murphythecat Friend

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    I agree but some seem to think DBT is flawed.
    my test of Ic's, line stage and coupling caps are by design level match. the biased was removed in that my GF or friend wouldnt see which input was selectionned and by the turn of a switch you could select input 1 or 2.
    to my ears and everybody who did the test, there was no change at all. no subtle change. there was a very slight change with pre amp and coupling caps, but so subtle that I and everyone who did the test could have never spotted them accurately.
    thats why many have recommended to me to try longer listening test.

    Im in the process of comparing my Mosaic T vs my Yggdrasil. this is very apparent and obvious that the sound is different, but I have to level match by ears so its not conclusive enough for me and maybe the differences I ear so obviously are due to slight level change
     
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  7. Thad E Ginathom

    Thad E Ginathom Friend

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    Surely there's nowhere for imaginary nuances to hide in many things, such as wired ethernet? But nuances are found, and cables are sold.

    (Or, I might have missed your point?)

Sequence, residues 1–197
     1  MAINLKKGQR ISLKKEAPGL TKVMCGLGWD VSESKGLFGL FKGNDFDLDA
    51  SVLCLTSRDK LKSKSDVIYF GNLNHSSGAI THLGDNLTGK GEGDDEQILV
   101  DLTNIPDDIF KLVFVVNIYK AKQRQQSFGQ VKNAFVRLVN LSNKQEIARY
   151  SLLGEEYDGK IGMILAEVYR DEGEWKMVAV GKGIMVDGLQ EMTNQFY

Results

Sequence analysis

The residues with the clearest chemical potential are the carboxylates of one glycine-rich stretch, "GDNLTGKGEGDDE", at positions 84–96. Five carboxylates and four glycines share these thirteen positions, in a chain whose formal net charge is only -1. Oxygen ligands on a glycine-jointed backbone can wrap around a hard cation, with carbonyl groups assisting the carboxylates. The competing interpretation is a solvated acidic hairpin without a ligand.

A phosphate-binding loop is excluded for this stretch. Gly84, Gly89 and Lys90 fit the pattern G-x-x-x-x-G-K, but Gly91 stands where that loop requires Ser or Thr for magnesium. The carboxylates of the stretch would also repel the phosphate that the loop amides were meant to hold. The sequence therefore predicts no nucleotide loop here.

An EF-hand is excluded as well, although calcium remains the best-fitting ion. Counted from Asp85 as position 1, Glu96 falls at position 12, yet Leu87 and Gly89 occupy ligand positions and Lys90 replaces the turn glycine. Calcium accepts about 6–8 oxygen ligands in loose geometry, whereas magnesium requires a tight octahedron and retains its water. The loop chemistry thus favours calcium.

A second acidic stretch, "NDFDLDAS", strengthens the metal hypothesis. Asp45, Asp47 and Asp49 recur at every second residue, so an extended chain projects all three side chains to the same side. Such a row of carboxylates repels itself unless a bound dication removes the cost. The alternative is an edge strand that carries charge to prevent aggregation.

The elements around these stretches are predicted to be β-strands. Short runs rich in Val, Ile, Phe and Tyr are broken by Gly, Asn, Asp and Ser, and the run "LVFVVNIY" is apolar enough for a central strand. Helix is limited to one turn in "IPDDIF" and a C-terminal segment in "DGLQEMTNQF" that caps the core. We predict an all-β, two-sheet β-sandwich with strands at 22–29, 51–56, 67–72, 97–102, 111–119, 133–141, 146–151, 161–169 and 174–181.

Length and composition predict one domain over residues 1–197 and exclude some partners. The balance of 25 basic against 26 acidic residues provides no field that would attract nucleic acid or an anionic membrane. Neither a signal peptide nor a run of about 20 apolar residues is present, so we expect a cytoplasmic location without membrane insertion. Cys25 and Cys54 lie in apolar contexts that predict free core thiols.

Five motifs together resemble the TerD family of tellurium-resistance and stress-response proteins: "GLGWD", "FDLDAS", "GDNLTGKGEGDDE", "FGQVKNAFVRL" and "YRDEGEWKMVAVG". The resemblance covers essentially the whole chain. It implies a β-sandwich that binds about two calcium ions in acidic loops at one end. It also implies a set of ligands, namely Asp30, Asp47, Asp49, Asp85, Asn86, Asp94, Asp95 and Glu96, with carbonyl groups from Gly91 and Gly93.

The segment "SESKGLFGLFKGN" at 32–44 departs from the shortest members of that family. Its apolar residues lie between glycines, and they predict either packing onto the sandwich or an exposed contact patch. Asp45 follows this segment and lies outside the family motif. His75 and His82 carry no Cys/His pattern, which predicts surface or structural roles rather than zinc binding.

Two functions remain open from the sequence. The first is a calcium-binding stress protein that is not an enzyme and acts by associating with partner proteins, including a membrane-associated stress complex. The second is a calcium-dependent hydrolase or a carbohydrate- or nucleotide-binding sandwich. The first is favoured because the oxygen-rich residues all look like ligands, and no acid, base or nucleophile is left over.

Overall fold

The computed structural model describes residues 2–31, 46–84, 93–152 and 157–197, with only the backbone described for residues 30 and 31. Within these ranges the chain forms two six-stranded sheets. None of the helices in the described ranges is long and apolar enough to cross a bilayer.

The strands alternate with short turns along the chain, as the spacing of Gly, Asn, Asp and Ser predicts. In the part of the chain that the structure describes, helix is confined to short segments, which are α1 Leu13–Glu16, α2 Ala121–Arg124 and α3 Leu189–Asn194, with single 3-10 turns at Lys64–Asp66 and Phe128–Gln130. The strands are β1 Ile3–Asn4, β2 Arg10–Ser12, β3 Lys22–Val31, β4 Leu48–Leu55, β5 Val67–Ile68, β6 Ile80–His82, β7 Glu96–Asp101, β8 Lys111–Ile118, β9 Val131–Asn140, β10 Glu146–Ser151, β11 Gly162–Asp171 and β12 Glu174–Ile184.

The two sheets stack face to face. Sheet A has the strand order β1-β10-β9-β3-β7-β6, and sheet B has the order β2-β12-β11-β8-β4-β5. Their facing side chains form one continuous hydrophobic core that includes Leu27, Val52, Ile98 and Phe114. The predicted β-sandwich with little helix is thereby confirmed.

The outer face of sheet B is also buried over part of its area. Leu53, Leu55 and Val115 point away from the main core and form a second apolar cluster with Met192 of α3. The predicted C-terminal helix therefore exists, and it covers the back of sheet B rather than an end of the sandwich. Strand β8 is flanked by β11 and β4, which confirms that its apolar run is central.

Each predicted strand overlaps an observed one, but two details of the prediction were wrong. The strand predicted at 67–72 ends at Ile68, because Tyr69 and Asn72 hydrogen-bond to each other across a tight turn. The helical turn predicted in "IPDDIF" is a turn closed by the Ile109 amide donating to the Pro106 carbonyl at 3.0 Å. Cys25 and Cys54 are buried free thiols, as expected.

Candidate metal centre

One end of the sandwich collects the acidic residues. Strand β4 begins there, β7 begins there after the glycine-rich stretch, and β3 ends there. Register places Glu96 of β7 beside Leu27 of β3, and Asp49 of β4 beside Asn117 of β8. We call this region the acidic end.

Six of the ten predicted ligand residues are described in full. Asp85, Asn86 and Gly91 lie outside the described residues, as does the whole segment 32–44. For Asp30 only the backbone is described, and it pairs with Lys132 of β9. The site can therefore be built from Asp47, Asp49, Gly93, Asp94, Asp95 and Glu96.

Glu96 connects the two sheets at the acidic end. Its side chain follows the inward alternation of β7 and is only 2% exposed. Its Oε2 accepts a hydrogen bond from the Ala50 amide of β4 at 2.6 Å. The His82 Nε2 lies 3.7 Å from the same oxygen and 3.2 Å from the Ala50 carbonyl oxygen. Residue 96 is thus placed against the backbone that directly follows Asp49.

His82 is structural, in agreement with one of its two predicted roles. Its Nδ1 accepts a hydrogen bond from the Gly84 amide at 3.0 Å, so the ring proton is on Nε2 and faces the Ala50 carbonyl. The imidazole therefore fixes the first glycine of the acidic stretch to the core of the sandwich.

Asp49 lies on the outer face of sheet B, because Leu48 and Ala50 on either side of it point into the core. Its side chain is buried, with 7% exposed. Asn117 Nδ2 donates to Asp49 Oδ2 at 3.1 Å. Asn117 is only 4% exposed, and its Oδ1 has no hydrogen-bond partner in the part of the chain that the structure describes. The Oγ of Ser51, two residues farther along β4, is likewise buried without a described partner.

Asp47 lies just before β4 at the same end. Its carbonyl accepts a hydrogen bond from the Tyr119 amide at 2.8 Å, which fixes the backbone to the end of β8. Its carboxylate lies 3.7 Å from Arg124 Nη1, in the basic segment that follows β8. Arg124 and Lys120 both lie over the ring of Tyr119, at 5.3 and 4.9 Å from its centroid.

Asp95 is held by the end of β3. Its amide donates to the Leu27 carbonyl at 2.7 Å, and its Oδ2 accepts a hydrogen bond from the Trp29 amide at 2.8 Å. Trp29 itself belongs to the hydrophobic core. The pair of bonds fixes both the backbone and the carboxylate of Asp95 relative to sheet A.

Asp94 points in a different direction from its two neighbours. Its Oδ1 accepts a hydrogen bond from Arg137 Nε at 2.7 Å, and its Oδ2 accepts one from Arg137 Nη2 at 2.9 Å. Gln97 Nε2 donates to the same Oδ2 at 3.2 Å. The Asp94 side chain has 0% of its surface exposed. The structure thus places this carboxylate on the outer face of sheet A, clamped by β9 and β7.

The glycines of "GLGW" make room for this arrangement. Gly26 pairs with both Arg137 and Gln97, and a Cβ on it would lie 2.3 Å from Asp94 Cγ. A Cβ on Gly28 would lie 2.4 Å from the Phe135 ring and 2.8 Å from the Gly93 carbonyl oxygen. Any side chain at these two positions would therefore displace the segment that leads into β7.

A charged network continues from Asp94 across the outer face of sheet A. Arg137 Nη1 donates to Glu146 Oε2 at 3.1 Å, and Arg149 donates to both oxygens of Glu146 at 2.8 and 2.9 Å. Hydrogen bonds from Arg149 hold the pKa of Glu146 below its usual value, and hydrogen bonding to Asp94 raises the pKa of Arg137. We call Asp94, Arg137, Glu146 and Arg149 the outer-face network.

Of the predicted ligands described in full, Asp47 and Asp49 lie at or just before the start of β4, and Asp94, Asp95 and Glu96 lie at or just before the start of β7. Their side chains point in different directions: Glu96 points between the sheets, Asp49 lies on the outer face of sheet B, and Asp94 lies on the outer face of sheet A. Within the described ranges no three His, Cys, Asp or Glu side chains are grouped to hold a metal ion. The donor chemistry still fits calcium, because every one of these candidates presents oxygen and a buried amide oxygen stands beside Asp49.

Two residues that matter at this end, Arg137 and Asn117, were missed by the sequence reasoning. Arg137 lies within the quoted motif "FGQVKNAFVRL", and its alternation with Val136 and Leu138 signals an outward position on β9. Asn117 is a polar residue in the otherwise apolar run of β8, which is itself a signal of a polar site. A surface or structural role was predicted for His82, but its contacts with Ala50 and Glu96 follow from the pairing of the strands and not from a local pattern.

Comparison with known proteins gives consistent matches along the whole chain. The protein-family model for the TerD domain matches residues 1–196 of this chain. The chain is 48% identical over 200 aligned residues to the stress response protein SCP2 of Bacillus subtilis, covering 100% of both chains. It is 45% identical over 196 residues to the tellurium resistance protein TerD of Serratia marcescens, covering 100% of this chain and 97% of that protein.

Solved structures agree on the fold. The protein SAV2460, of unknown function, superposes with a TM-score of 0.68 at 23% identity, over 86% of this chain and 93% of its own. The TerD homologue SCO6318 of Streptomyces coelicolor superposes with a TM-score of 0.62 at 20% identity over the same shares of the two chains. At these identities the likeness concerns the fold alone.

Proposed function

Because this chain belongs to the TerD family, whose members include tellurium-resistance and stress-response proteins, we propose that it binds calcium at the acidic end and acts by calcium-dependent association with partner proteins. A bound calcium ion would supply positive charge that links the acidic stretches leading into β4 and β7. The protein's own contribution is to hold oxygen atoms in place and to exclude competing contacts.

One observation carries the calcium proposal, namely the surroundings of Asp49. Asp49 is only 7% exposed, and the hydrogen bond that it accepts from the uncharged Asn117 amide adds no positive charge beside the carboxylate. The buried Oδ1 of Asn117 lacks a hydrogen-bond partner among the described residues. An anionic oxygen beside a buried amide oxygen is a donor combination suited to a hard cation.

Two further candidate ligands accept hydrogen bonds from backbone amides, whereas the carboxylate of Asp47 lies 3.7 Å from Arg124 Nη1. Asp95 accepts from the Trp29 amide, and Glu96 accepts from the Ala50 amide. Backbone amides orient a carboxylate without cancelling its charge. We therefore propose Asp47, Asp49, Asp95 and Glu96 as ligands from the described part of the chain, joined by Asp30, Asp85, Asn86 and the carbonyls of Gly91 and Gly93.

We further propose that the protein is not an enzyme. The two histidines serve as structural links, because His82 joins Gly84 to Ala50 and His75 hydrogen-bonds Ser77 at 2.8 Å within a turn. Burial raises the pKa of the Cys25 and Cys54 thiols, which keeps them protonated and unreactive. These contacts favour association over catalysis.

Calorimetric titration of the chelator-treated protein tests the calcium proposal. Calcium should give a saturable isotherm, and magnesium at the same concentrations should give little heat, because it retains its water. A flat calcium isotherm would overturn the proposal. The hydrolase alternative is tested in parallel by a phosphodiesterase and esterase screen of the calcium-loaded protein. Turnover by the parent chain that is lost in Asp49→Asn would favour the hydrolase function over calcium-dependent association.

@Xen, that is a fascinating post. I'm sure you have lots of good stuff to share on the processing that goes on in our brains. I'm lousy at remembering the technical details, but I think it is a lecture by JJ Johnston in which he describes how the vast amount of data arriving at the ear is filtered by feedback loops as it travels from eardrum to conciousness?
     
  8. anetode

    anetode Moderator

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    Tinnitus is a great example of this process, it is the consequence of your brain compensating by raising the "gain" on sensorineural activity.

    There are several approaches which might prove fruitful. One way that I'd like to try is to set up a listening lounge which is conducive to the sort of critical listening audiophiles tend to prefer, relaxed and unhurried. Another element I'd like to introduce is a mirror box, the successful use of which might be able to reverse the usual visual cues in a sort of sighted test.

    Speaking of boxes, another approach involves a literal black box which would contain several pieces of gear and a randomizer. This box would then be loaned out to audiophiles to test at their leisure, provided they abide by an honor code to maintain the integrity of the test. Sadly the results wouldn't carry very much water unless there is a record which demonstrates that the box is not tampered with. While test subjects might be inclined to invite this blackbox into their home, a camera to record the listening sessions would be a tougher sell and then there's the added expense of possibly trying to render the box to be tamper-proof.
     
  9. murphythecat

    murphythecat Friend

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    well, it seems my test ( http://superbestaudiofriends.org/in...e-rolling-adventures.2034/page-11#post-134725 ) was flawed.
    I have to retract my test and conclusions